A Major Decision Paying Off

by Jasmin Ramirez on December 1, 2017

I have always craved helping others, and I realized I had it all wrong with what I wanted as my career.

- Jasmin Ramirez

It was my first real grown-up decision.

I know now I did the right thing, but in the time leading up to changing my major, I felt like a weight was being pushed against my chest and I didn’t have the strength to push it off of me.

But I found that I did.

It may sound dramatic, but this was my future. The choice was 100 percent mine, and my parents could only advise me. I had to do what was right for me.

A little background might help you understand why changing course felt so grueling. People do it every day, but I didn’t expect to. Since my freshman year in high school, I planned to attend a university to major in Biology and later go off to medical school to become a doctor that promoted plant-based diets. I had it all set up, and even spent my junior and senior years of high school earning basic prerequisites a local university so that, wherever I ended up, I could focus on Pre-Med courses and Pre-Med courses only. I was so sure of myself.

But two months into my classes, I realized that I didn’t want to do this anymore. I was unhappy.  I couldn’t shake the feeling when I attended class or had to do some assignments. At first I tried to talk myself into thinking this was normal; all students dislike class and doing homework. Then I realized I’m not one of those students. I have always been excited by learning and my competitive drive always made me want to get the highest grades possible.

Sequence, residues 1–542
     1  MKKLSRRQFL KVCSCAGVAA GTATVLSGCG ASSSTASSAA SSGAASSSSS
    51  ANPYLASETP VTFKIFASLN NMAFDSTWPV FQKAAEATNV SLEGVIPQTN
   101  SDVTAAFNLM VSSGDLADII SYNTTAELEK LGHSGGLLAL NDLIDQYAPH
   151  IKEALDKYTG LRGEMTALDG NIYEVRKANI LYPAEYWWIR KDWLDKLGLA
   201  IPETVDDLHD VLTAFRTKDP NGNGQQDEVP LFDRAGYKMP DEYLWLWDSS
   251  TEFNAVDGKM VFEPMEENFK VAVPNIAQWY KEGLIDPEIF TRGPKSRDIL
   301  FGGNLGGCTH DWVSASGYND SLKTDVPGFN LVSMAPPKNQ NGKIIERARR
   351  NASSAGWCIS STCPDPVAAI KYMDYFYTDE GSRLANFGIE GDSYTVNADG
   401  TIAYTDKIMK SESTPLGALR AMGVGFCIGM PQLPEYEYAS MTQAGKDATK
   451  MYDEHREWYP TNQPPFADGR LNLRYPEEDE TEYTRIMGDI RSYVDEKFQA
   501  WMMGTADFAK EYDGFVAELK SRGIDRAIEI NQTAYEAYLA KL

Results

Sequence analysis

But none of that helped me shake that feeling. Then it hit me: I wasn’t the problem; my major was.

I was scared, but I had to listen to myself. Now, I am a double major in Psychology and Anthropology. I have always craved helping others, and I realized I had it all wrong with what I wanted as my career. I feel medication is overly prescribed (I won’t get into this because that would create an entirely different kind of post). I don’t want to be the kind of doctor that contributes to the papers of written prescription. There are other methods of helping people through therapy, which is what fueled me to land on these majors.  

It is a major flip, I know, but I couldn’t be happier. My friends even admit there is this different tone in my voice when I talk about the courses I picked for Spring semester. When I look back, it almost seems amusing that the decision weighed on me so heavily. Had I known then that I’d feel like this now, I would have saved myself the stress. The switch simply requires you to receive approval from your current advisor. They are going to ask you questions to see if your head is on right— that you’re switching for the right reasons, not just for the heck of it. After that, you talk to the head chairperson for your desired major, and they will set you up with a new advisor.

The important thing is that I got here. And that I can look ahead to the future again with joy and excited anticipation.

What a great feeling.